At the time, I didn’t realize the community I grew up in was experiencing greater environmental impacts than other communities, until I went to college to study City Planning, Public Policy and Management. It was there that I first made the connection. I have since dedicated my professional life to moving Oregon towards shared and sustained prosperity through increasing civic engagement – especially among other young people.Read more
I’m a third generation Oregon farmer; my family came here in 1885 and started growing hops in 1904. Depending on the time of year, we employ anywhere from six to 60 people. The very nature of our business hinges upon sustainability; being stewards of the land is how our industry survives.
Climate change is affecting our industry. This season in particular, I’m very concerned that our snowpack is so low. As part of my job I attend wine grape symposiums every year, and for last several years climate change has been a pressing topic of discussion. Climate change will influence which types of crops thrive in Oregon, and which ones won’t. Farming jobs depend on a healthy climate. The future of our award-winning wine and beer industry depends on it, too.Read more
When it comes to home performance and efficiency, I think of it in terms of what people are wasting. Often, they don’t even know it. Sure, by improving efficiency in a home or a building, a person will end up saving money on electric and heating/cooling bills and making the air inside cleaner to breath. But it’s the money they’re spending right now -- that they don’t have to spend -- that brings it home for customers I work with.
Think of it this way: if you’re walking with grocery bags and they have holes in them, and you’re losing 40% of your food, would you accept that? Of course not. That’s how much heat most homes are losing, and yet people carry on like it’s normal.Read more
I’ve been a union member for over 25 years. I believe that continued investment in the renewable energy economy would make Oregon a national leader, adding new jobs that can’t be outsourced. Good, family-supporting jobs with benefits that would create prosperity now and for future generations.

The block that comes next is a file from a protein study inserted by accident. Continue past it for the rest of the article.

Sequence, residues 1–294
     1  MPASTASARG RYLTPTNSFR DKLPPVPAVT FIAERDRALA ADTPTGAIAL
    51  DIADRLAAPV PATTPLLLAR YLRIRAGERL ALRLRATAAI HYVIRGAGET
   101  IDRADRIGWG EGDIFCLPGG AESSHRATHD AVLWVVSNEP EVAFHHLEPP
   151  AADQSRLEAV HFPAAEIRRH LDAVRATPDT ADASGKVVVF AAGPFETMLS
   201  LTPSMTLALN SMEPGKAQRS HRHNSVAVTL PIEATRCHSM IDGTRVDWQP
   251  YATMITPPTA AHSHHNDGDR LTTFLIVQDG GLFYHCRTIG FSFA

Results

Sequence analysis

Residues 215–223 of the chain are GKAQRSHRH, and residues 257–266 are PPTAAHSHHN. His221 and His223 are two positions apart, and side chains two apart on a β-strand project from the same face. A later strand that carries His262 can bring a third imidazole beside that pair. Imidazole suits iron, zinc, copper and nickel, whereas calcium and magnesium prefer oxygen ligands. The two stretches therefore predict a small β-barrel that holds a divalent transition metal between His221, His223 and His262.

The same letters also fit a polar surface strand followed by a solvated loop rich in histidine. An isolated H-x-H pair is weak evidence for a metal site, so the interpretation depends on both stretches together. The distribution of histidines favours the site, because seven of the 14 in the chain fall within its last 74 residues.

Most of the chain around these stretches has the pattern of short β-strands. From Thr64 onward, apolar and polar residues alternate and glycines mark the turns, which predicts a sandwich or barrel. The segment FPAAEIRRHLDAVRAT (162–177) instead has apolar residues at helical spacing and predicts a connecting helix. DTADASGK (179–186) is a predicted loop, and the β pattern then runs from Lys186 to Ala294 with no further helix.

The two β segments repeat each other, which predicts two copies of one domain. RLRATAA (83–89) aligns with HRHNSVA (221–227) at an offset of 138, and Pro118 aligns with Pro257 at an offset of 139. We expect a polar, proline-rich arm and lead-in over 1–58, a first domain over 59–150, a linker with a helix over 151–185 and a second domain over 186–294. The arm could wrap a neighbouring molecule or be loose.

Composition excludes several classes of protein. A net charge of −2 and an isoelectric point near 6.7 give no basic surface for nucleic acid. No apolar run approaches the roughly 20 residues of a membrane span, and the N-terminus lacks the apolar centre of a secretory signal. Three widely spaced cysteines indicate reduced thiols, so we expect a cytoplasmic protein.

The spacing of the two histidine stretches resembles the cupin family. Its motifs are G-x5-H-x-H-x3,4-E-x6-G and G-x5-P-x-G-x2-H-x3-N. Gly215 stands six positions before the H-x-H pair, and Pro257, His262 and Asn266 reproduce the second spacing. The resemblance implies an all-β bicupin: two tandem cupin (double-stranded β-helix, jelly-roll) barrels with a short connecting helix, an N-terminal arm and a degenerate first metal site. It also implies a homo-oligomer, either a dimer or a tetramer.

As the Secretary-Treasurer for the Oregon AFL-CIO, I oversee our workforce training and green jobs/climate change issues, so I am deeply involved in the intersection between labor and clean energy jobs. We want to see the clean energy sector grow for the benefit of our members, and our state as whole.
Energy-efficient homes are good for our planet and the people who live inside them. The improvements add value, durability and save homeowners money by reducing their energy bills. A high-performing home can clean the air to keep the people inside healthy. I work hard so that Oregonians can enjoy better homes.
Members of the Home Performance Guild are successful because they examine the home as a system with many interacting parts. When improved, the parts make a much better whole. Oregon is a home to all of us. Its interacting parts: workers, businesses, homeowners, communities and the environment can be a better whole. Oregon can be stronger, healthier and more valuable with a commitment to a clean energy economy.Read more
What I do in my work, with my company and for my customers all boils down to one thing-- quality of life. Oregon is a good market for home performance improvement because people here, at their core, understand the benefits of efficiency. It’s a mindset in Oregon to use our resources wisely, to get the most out of what we have.
Only about one in 10 Oregon homes are built or fixed up to perform at their best. There is a lot of room to grow for my business and others like it. A lot of work to be done. Those people who are already enjoying healthier indoor air, lower energy bills and a more comfortable home are who I call “early adopters.” They’ve opted to have the improvements made.Read more